Orbis scholae is an academic journal published by Charles University, Prague. It features articles on school education in the wider socio-cultural context. It aims to contribute to our understanding and the development of school education, and to the reflection of teaching practice and educational policy.

ORBIS SCHOLAE, Vol 9 No 2 (2015), 77–101

Ability to Notice Mathematics Specific Phenomena: What Exactly Do Student Teachers Attend to?

Naďa Vondrová, Jana Žalská

DOI: https://doi.org/10.14712/23363177.2015.81
announced: 01. 02. 2018


The aim of this paper is to a) shed light on the nature of student teachers’ noticing of mathematics specific phenomena as observed in a video recorded lesson and to b) compare this nature for student teachers at the beginning of their master studies at the university and those at its end. Our study is based on a thorough examination of student teachers’ written analyses (n = 169) of video recorded lessons. We capture the qualities of these in terms of the author-defined notion of mathematics specific (or MS) phenomena by a) matching the students’ comments against what we view as important issues in the lessons, and b) developing a framework to further characterise the nature of the observations. Both qualitative and quantitative results corroborate the findings of earlier research on pre-service teachers’ lesson analyses in that they pay limited attention to content in the lesson observed. Moreover, it transpires that students tend to notice MS phenomena which are not identified as important by experts and that the demonstrated ability to notice MS phenomena does not show significant differences for students in two distinct stages of a teacher preparation programme.

keywords: ability to notice; pre-service mathematics teachers; mathematics education

references (22)

1. Blomberg, G., Stürmer, K., & Seidel, T. (2011). How pre-service teachers observe teaching on video: Effects of viewers' teaching subjects and the subject of the video. Teaching and Teacher Education, 27(7), 1131−1140. CrossRef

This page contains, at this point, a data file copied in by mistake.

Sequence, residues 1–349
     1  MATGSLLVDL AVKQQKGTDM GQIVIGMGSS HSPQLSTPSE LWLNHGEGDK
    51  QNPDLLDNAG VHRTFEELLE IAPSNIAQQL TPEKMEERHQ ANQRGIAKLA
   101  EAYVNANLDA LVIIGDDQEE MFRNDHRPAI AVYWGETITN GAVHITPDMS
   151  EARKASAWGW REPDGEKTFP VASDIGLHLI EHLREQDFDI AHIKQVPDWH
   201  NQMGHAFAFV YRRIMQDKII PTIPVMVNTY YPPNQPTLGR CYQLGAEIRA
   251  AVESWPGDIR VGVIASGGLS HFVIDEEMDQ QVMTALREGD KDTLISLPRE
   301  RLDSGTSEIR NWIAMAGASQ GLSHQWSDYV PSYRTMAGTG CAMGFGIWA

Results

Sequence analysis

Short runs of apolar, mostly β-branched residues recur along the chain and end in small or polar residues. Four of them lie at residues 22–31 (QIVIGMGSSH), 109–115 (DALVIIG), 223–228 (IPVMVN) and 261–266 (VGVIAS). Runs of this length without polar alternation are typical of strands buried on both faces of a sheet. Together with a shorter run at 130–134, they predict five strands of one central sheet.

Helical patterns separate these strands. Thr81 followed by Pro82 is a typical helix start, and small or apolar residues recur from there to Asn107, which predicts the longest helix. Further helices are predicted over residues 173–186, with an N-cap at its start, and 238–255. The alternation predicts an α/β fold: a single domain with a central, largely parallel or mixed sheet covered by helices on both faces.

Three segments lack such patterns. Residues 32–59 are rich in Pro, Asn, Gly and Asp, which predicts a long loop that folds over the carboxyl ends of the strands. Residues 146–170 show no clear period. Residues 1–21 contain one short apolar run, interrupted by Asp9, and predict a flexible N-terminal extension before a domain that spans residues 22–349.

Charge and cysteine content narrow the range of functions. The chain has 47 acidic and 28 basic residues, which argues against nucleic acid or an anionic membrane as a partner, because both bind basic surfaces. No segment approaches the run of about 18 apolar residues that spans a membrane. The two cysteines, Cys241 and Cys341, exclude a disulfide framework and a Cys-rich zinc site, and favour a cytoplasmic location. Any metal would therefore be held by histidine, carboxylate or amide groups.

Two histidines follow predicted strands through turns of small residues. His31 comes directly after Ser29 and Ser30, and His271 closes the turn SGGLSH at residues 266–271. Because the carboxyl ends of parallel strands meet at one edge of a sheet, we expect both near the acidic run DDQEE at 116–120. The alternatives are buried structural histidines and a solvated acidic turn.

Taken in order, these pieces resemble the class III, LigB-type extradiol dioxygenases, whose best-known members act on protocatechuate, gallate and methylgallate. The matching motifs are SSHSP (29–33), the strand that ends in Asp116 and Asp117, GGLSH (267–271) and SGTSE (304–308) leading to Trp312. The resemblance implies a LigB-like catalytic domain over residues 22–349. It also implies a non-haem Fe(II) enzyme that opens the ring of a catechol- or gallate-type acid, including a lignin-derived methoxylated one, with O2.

2. Carter, K., Cushing, K. S., Sabers, D. S., Stein, P., & Berliner, D. C. (1988). Expert – novice differences in perceiving and processing visual classroom information. Journal of Teacher Education, 39, 25−31. CrossRef

3. Hiebert, J., & Grouws, D. A. (2007). The effects of classroom mathematics teaching on students' learning. In F. K. Lester (Ed.), Second handbook of research on mathematics teaching and learning (pp. 371−404). The USA: Information Age Publishing.

4. Hiebert, J., Gallimore, R., Garnier, H., Givvin, K.B., Hollingsworth, H., Jacobs, J., … Stigler, J. W. (2003). Understanding and improving mathematics teaching: Highlights from the TIMSS 1999 Video Study. Phi Delta Kappan, 84(10), 768−775. CrossRef

5. Hill, H. C., Blunk, M., Charalambous, C., Lewis, J., Phelps, G. C., Sleep, L., & Ball, D. L. (2008). Mathematical knowledge for teaching and the mathematical quality of instruction: An exploratory study. Cognition and Instruction, 26, 430−511. CrossRef

6. Janík, T., Minaříková, E., Píšová, M., Kostková, K., Janík, M., & Hublová, G. (2014). Profesní vidění u učitelů: pokus o zmapování výzkumného pole. Pedagogika, 64(2), 151−176.

7. Kersting, N. B., Givvin, K. B., Sotelo, F. L., & Stigler, J. W. (2010). Teachers' analyses of classroom video predict student learning of mathematics: Further explorations of a novel measure of teacher knowledge. Journal of Teacher Education, 61(1/2), 172−181. CrossRef